Measuring inclusion in your work
It’s hard to look back at work you’re proud of and admit that it’s not good enough. But the first step in making real progress towards authentically inclusive work is understanding where you currently stand.
A few years ago, we began auditing Google’s creative work to understand how we’re doing on inclusion and representation in our marketing. The resulting insights have helped us celebrate progress over the years, set annual goals, and identify opportunities for work that authentically represents the world. Each year, we apply these principles to complete a creative audit of our own work. Here are some of the top findings from our most recent audits.
2018-2021 Creative Audits
Google Marketing 2018-2021 Creative Audits
Our representation of Asian communities continues to surpass benchmarks.
Black representation is thoughtful and strong.
We need to further amplify Indigenous stories.
Our representation of Latinos/Latinx people is trending upwards.
We are portraying more LGBTQ+ stories than ever.
We are making progress at including people with disabilities, but still have more room to grow.
Women are included in the majority of our ads and now have a nearly equal share of speaking time.
Dimensions we look for in our creative audits
- Note that these dimensions are not intended to be fully inclusive of all possible identities. A limited set of dimensions were chosen to support measuring representation at scale. We also acknowledge that many dimensions of identity are not visible to others. Our goal is to gain a clearer understanding of whether our intent to be inclusive is perceived by others through the work we create.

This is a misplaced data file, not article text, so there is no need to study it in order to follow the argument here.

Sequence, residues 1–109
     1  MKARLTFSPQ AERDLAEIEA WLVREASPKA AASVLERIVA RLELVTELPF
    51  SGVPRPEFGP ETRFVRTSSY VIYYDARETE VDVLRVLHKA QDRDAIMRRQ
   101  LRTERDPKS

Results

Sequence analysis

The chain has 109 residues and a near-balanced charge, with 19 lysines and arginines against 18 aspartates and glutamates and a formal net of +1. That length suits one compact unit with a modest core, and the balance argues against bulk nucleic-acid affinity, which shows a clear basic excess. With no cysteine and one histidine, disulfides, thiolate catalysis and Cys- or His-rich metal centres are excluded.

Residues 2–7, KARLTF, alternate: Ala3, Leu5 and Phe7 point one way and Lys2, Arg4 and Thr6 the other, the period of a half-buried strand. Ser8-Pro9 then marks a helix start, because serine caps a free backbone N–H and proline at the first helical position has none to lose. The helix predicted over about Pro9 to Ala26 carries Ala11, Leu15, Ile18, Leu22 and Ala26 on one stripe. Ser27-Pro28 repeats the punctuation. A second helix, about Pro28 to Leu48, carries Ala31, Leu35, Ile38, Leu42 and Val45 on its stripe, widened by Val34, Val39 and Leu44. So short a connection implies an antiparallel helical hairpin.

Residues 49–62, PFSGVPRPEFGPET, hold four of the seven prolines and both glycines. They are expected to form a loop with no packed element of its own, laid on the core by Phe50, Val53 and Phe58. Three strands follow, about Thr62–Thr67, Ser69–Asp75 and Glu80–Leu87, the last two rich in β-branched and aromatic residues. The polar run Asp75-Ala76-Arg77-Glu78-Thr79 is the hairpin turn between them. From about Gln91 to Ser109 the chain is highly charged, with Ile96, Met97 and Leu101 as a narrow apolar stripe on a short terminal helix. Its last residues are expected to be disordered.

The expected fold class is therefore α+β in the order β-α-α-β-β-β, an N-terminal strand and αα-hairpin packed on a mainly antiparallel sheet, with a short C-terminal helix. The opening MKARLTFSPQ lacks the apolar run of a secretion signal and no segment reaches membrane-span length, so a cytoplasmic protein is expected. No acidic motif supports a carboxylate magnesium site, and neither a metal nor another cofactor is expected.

- Age: Perceived presence of people in the age groups of children, teens, young adults, adults, and older adults.
- Disability: Perceived presence and representation of people with various types of apparent and non-apparent disabilities.
- Gender: Perceived presence and representation of women, men, and gender expansive individuals.
- LGBTQ+: Perceived presence and representation of LGBTQ+ people (with the understanding that LGBTQ+ stands for lesbian, gay, bisexual, transgender, and questioning or queer).
- Military status: Perceived presence of veterans or people who are serving in the military.
- Race and ethnicity: Perceived presence and representation of Asian, Black, Indigenous, Latino/Latinx, or white people.
- Skin tone: Perceived presence of a diverse spectrum of skin tones from dark to light. At a minimum, we recommend covering the spectrum of dark skin tones to light skin tones on a 6-point scale.
- Socioeconomic status: Perceived presence of low-income, middle-income, and high-income socioeconomic categories.